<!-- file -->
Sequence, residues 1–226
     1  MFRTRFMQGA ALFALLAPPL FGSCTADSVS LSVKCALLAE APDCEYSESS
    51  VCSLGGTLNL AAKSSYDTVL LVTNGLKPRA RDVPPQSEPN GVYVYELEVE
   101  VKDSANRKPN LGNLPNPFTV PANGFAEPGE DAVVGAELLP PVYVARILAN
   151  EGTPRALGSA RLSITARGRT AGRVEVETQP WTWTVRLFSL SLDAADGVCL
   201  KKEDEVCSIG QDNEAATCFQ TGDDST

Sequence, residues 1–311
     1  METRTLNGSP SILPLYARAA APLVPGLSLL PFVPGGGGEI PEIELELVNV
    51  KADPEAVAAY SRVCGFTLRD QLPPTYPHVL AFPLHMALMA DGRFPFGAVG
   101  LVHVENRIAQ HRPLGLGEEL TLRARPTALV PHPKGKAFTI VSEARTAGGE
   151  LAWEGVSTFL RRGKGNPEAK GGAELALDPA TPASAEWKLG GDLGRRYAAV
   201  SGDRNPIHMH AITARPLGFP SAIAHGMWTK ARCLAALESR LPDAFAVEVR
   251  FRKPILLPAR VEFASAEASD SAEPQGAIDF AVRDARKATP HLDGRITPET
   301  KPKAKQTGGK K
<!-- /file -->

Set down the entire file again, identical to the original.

Sequence, residues 1–226
     1  MFRTRFMQGA ALFALLAPPL FGSCTADSVS LSVKCALLAE APDCEYSESS
    51  VCSLGGTLNL AAKSSYDTVL LVTNGLKPRA RDVPPQSEPN GVYVYELEVE
   101  VKDSANRKPN LGNLPNPFTV PANGFAEPGE DAVVGAELLP PVYVARILAN
   151  EGTPRALGSA RLSITARGRT AGRVEVETQP WTWTVRLFSL SLDAADGVCL
   201  KKEDEVCSIG QDNEAATCFQ TGDDST

Sequence, residues 1–311
     1  METRTLNGSP SILPLYARAA APLVPGLSLL PFVPGGGGEI PEIELELVNV
    51  KADPEAVAAY SRVCGFTLRD QLPPTYPHVL AFPLHMALMA DGRFPFGAVG
   101  LVHVENRIAQ HRPLGLGEEL TLRARPTALV PHPKGKAFTI VSEARTAGGE
   151  LAWEGVSTFL RRGKGNPEAK GGAELALDPA TPASAEWKLG GDLGRRYAAV
   201  SGDRNPIHMH AITARPLGFP SAIAHGMWTK ARCLAALESR LPDAFAVEVR
   251  FRKPILLPAR VEFASAEASD SAEPQGAIDF AVRDARKATP HLDGRITPET
   301  KPKAKQTGGK K